Dar es Salaam. A controversy is building up over some three natural gas exploration blocks after a UK firm announced plans to revive its dormant operations in Tanzania.
Privately-owned Petrodel Resources said it would invest $100 million in Tanzania exploration activities, a move underpinned by the country’s more business-friendly environment under President Samia Suluhu Hassan and the booming demand for gas.
The UK-based oil and energy company first became involved in Tanzania in 2006, building up an exploration portfolio covering the onshore and offshore Tanga, Kimbiji and Latham blocks.
Since that time, seismic has been shot, partners have come and gone and Petrodel now claims it has retained control of these blocks.
However, Tanzania petroleum regulators insist that there is no operational contract signed between the government and Petrodel which claims to own the three blocks.
The government signs contracts known as Production Sharing Agreements (PSAs) with the respective oil and gas prospecting companies for exploration, development and production of the energy. Both the Tanzania Petroleum Development Corporation (TPDC) and Petroleum Upstream Regulatory Authority (PURA) – which regulates upstream activities – confirm that the government had no agreement with Petrodel for any block in Tanzania.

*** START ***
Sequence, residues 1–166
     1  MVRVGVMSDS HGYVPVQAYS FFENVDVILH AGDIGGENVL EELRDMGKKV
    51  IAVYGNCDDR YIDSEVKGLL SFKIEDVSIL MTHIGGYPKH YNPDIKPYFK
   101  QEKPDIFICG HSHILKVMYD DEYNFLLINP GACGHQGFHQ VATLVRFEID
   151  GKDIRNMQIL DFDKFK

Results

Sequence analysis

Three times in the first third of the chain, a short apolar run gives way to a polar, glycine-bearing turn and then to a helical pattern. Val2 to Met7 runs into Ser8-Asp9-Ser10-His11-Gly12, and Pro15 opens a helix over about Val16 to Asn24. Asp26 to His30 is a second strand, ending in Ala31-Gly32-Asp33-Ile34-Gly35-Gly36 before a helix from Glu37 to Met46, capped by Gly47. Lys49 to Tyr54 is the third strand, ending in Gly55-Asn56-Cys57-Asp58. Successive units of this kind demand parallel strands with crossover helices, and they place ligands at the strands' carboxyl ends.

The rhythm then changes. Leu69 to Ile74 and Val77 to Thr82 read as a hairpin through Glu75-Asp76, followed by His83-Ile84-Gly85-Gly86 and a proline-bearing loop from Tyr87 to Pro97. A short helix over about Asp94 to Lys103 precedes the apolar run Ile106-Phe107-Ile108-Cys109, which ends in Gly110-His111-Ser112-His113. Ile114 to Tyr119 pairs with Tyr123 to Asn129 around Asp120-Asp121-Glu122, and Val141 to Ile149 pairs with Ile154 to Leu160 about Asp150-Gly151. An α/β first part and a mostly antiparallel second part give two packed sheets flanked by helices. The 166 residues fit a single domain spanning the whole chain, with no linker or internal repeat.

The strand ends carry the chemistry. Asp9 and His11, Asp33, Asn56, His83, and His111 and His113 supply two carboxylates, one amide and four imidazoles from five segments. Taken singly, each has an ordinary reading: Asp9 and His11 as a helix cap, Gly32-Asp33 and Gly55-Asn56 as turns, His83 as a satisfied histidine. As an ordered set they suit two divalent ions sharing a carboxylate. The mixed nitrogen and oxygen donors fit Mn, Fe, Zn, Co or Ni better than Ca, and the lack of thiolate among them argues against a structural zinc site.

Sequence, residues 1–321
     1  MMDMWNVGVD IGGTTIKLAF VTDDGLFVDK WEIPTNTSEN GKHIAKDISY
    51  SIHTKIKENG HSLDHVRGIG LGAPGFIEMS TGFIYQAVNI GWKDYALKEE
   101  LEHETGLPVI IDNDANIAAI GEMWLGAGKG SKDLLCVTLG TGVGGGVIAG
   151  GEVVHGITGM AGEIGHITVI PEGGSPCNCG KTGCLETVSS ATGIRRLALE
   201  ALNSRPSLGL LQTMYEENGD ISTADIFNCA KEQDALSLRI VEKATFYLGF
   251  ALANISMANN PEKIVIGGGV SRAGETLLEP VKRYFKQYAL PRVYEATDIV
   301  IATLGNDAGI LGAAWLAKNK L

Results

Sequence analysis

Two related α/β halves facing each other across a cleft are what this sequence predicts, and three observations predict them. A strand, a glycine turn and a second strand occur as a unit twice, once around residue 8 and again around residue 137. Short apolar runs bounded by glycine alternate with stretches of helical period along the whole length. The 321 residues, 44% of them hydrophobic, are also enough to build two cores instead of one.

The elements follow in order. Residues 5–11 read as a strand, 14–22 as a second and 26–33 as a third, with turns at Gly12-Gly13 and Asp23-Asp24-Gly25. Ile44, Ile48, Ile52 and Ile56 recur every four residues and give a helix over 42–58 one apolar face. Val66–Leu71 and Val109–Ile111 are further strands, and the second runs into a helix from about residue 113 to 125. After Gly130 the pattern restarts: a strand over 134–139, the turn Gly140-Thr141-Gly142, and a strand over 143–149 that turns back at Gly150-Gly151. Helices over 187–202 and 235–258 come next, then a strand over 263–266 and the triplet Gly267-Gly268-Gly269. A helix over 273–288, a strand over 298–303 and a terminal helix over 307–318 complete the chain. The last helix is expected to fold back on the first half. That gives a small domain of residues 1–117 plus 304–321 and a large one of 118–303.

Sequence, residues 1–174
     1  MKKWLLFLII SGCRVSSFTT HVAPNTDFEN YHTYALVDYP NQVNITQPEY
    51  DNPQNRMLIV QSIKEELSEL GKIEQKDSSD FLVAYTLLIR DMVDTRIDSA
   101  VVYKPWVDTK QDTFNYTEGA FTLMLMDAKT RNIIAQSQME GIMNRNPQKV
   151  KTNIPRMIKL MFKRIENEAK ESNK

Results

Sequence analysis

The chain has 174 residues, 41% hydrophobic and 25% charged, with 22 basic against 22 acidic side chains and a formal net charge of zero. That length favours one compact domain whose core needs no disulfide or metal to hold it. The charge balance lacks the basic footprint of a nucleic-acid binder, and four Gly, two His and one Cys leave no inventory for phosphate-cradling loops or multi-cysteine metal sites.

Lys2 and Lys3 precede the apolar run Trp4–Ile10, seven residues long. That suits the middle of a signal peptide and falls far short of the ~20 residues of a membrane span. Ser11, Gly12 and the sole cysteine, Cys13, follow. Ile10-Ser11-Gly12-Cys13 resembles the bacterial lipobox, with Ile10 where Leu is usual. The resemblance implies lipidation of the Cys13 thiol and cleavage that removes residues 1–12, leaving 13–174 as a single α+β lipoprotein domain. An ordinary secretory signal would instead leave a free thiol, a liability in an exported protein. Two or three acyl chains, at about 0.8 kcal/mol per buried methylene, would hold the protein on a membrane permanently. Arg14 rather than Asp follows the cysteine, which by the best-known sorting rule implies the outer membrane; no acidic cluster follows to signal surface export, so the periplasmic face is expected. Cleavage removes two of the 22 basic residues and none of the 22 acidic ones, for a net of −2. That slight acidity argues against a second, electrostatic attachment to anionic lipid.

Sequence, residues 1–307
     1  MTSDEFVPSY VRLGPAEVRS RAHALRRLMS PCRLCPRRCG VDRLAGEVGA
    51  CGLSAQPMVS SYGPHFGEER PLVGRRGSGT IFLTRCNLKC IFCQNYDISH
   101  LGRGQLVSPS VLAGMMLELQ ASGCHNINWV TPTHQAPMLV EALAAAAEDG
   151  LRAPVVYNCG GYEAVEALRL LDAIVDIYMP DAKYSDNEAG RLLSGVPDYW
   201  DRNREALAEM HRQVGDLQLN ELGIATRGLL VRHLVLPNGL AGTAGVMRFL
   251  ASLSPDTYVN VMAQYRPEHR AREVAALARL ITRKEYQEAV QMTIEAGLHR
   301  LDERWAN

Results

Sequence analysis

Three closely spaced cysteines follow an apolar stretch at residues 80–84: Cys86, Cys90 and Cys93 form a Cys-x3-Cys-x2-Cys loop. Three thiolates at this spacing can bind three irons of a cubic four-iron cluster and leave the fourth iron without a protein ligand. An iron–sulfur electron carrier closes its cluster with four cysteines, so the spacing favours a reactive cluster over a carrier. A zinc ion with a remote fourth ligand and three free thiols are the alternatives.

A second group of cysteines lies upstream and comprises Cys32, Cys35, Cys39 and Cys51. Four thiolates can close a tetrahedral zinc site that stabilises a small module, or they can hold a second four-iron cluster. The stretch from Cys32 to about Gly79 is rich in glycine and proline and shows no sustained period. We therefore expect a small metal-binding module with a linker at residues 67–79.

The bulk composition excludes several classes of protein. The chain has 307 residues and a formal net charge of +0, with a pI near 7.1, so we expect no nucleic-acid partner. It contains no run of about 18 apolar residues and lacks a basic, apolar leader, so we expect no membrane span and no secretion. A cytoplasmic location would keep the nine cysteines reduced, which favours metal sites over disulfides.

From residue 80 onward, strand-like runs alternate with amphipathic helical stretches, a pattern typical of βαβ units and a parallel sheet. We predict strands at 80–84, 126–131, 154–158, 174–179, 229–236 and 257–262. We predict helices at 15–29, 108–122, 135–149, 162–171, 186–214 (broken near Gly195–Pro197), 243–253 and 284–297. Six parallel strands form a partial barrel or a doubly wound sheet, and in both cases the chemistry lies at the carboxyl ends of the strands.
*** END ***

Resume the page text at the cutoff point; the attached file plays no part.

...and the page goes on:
PURA director general Charles Sangweni said there were currently 11 blocks licensed under eight contracts (companies) for exploration and development activities in the country, and Petrodel was not one of the firms operating the blocks.
TPDC managing director James Mataragio said he had no information of the planned return of Petrodel and that the government did not have any PSA licence with the firm. “In short, we do not have any PSA licence with Petrodel,” he briefly said.
Petrodel’s former partners Afren and Heritage Oil were no longer involved, with Petrodel now claiming the 100 percent ownership over all the three blocks.
Tanzania is home to one of sub-Saharan Africa’s largest gas resources estimated at 57.5 trillion cubic feet.
The resource is waiting for negotiations between the government and international oil and gas companies to build the planned Liquefied Natural Gas (LNG) plant which is expected to cost over $30 billion.
Commenting on Petrodel’s decision, company founder Michael J Prest said the current global demand and supply balance mark that the time is right to accelerate Petrodel’s operations in Tanzania.
“The combination of that and the positive sentiments coming from the new Tanzanian government make further development of these prospects very real. I believe the stable investment platform being created by President Samia Hassan is a good omen for both Tanzania and Petrodel,” he said.
“We look forward to engaging with the government to realize these opportunities.”
Petrodel said will invest approximately $80 million to meet first well commitments in Tanga and a combined total of $20 million to complete final and additional seismic work in both Kimbiji and Latham to bring the fields into production. It is estimated that for the required infrastructure to be in place will take two years. Production and shipments of gas is expected to commence in 2025.